University of Cambridge > > Engineering - Mechanics and Materials Seminar Series > Elasticity and (dis)orders in networks and cellular patterns

Elasticity and (dis)orders in networks and cellular patterns

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Networks are heterogeneous materials whose continuous phase is assembled into slender objects – the links – that are connected to each other at nodes. The macroscopic properties (elasticity, transport,...) of such systems crucially depend on the specific arrangements of their components. In the first part of this talk, I will study the conditions for existence of “optimal networks”, i.e. isotropic networks with highest elastic moduli (and electrical conductivity) for a given density. Using a variational approach in an unconventional way, I will show that a simple set of rules can be established on the geometry and topology of the nodes in such networks. Networks that satisfy these rules can effectively be built and I will provide examples at two and three dimensions. The elastic moduli (and electrical conductivity) of these optimal networks constitute upper-bounds which compete or improve the well-known Hashin-Shtrikman bounds. The second part of the talk will be devoted to the description of disorders in two-dimensional cellular patterns, such as dry foams: the macroscopic properties of these systems are affected by two kinds of disorders: the first one is the geometrical disorder, defined as the relative width of the distribution of cell sizes, and the second one is the topological disorder, defined as the relative width of the distribution of the number of sides of a cell. I will show that in fact these two quantities are strongly correlated: a monodisperse foam contains mostly hexagonal cells, while in a polydisperse foam, larger bubbles have more sides. A model, based on the formalism of statistical mechanics, has been eveloped to explain the quasi-linear dependence of the two disorders.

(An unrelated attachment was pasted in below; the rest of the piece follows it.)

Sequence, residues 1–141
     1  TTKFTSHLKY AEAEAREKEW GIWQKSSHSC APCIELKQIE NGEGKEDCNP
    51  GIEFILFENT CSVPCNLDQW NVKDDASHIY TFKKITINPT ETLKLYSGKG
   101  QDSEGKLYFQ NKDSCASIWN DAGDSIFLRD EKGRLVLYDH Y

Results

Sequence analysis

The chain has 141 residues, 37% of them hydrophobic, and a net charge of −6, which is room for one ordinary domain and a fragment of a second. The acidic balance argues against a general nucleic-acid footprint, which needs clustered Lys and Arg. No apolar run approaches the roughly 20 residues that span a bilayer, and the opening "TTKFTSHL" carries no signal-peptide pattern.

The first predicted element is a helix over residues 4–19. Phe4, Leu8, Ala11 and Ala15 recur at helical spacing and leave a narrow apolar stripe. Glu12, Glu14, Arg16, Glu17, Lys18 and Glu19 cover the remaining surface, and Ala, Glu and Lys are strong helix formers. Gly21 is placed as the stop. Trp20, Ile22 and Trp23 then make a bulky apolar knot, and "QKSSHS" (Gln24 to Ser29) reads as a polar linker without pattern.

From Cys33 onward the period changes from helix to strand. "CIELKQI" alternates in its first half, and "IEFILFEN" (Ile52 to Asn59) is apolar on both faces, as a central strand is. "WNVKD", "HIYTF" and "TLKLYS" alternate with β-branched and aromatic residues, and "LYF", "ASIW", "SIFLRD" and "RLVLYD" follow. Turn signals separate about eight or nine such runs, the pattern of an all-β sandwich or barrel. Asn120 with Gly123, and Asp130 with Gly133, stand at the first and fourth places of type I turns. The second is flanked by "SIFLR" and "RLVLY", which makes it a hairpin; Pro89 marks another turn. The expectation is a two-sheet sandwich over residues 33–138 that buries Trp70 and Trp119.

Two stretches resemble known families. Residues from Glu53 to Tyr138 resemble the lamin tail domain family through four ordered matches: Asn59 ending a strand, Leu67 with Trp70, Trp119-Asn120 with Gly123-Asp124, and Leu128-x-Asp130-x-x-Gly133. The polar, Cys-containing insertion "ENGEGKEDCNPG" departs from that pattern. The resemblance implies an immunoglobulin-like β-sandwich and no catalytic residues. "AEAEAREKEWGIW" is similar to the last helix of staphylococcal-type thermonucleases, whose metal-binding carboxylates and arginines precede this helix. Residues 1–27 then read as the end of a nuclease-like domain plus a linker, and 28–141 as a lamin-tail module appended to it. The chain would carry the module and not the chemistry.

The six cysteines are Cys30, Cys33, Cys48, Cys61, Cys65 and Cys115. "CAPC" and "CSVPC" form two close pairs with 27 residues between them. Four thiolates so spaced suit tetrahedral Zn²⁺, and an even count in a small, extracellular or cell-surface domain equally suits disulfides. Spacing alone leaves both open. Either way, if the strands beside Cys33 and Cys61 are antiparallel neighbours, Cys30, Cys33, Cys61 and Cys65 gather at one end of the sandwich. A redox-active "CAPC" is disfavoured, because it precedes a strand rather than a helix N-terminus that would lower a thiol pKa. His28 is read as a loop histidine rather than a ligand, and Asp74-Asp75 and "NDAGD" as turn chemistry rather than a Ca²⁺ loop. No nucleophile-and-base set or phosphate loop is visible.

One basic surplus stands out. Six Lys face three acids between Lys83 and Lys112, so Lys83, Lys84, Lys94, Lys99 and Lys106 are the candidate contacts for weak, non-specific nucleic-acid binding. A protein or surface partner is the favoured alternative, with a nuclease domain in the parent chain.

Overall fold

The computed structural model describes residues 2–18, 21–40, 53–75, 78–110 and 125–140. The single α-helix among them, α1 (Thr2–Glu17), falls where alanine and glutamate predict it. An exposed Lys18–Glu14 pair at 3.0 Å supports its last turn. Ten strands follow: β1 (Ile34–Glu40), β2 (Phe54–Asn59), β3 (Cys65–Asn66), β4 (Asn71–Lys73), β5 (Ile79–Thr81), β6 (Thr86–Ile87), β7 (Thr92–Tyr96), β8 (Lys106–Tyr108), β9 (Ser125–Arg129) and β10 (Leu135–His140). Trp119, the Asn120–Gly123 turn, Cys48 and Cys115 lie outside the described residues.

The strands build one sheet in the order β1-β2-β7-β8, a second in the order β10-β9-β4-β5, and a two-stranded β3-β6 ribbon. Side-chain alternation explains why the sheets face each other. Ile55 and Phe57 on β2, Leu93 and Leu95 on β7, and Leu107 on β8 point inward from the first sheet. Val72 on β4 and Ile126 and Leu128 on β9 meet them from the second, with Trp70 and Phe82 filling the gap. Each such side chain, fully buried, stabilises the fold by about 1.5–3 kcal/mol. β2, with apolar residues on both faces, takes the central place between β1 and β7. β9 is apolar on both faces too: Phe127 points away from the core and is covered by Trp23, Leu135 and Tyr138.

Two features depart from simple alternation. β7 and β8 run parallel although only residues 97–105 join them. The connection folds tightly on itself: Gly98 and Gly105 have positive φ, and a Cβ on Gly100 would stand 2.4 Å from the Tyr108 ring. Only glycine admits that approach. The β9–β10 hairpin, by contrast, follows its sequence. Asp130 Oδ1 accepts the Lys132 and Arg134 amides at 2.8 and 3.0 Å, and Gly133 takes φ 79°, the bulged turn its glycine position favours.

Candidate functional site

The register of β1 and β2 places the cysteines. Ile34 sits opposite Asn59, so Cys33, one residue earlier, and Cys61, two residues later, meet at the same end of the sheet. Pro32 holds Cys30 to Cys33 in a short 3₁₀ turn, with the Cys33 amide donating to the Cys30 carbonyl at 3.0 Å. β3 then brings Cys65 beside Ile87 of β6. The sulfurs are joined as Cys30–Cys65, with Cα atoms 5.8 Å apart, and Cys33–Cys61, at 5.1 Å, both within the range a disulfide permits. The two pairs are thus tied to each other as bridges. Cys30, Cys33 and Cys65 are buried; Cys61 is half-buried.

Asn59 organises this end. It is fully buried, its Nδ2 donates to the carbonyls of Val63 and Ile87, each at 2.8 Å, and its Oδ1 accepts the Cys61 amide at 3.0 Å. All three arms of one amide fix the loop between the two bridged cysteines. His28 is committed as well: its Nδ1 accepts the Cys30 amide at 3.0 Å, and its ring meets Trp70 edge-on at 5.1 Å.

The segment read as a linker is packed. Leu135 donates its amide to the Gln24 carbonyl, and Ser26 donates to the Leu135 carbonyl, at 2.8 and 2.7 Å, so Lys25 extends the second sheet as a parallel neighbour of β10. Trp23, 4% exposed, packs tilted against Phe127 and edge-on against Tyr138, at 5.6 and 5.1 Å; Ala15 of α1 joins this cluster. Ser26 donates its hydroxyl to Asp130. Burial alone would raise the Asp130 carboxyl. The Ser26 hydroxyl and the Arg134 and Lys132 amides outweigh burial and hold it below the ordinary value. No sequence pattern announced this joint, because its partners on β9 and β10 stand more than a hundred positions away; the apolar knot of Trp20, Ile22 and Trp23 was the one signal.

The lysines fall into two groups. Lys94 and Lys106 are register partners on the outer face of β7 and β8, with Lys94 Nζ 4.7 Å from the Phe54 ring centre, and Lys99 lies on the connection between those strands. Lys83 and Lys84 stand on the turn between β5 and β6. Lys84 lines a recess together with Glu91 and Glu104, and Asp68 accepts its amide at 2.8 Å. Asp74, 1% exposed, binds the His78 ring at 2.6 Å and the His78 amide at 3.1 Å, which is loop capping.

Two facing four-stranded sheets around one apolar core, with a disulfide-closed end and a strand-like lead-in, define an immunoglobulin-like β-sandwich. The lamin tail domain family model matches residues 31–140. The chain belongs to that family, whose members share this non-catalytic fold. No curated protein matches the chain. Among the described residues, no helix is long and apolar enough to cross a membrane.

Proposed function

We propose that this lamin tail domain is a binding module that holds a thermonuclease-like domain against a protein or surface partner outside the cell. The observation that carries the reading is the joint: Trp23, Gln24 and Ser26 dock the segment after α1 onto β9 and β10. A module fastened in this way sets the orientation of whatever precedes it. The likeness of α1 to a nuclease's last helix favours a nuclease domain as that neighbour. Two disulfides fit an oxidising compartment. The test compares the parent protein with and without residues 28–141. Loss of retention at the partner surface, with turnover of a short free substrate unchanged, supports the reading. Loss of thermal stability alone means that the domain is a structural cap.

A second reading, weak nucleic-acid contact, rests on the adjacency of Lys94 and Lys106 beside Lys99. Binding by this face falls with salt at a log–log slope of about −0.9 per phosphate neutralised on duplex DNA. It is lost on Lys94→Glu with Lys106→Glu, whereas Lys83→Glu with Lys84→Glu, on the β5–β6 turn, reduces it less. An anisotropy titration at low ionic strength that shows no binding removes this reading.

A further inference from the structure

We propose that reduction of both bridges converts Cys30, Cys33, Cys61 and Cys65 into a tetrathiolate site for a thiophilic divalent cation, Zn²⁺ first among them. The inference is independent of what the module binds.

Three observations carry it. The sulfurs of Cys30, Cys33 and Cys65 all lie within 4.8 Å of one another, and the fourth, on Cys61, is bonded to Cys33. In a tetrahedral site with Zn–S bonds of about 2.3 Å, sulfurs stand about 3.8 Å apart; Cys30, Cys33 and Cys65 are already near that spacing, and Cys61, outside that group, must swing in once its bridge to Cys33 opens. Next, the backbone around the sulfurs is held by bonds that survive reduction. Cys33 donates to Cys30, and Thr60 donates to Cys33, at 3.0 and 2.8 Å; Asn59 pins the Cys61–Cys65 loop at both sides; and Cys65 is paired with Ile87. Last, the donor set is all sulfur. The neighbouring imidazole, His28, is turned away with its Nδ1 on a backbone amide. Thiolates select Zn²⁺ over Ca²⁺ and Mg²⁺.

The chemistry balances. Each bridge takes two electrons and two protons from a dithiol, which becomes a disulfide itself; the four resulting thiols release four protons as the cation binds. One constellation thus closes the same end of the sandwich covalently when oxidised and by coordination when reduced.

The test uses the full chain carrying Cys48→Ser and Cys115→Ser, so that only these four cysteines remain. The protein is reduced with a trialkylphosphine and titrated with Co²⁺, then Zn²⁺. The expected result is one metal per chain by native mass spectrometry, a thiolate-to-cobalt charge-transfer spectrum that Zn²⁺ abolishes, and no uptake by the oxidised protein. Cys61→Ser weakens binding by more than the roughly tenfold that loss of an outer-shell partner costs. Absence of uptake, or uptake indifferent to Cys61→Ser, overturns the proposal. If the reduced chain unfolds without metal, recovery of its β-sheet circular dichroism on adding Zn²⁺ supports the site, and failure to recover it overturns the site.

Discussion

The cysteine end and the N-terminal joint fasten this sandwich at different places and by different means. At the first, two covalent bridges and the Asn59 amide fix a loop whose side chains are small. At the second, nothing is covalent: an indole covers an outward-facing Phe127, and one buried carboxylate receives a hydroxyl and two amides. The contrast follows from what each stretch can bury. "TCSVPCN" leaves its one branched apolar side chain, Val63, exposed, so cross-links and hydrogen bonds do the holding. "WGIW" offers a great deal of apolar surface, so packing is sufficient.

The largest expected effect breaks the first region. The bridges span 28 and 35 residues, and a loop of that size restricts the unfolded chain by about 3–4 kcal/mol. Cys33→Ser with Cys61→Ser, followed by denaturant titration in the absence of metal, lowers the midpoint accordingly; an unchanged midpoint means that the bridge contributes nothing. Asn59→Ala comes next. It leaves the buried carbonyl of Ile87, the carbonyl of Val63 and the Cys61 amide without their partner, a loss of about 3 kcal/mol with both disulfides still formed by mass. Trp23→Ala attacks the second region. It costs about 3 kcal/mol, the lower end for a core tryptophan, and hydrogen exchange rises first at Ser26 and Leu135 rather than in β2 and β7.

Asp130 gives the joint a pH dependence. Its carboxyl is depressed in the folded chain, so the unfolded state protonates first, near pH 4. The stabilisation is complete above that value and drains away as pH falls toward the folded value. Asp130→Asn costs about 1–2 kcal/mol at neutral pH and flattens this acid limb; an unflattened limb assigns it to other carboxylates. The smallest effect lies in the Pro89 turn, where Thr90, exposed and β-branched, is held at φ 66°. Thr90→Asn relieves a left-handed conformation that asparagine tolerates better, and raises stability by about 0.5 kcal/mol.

This talk is part of the Engineering - Mechanics and Materials Seminar Series series.

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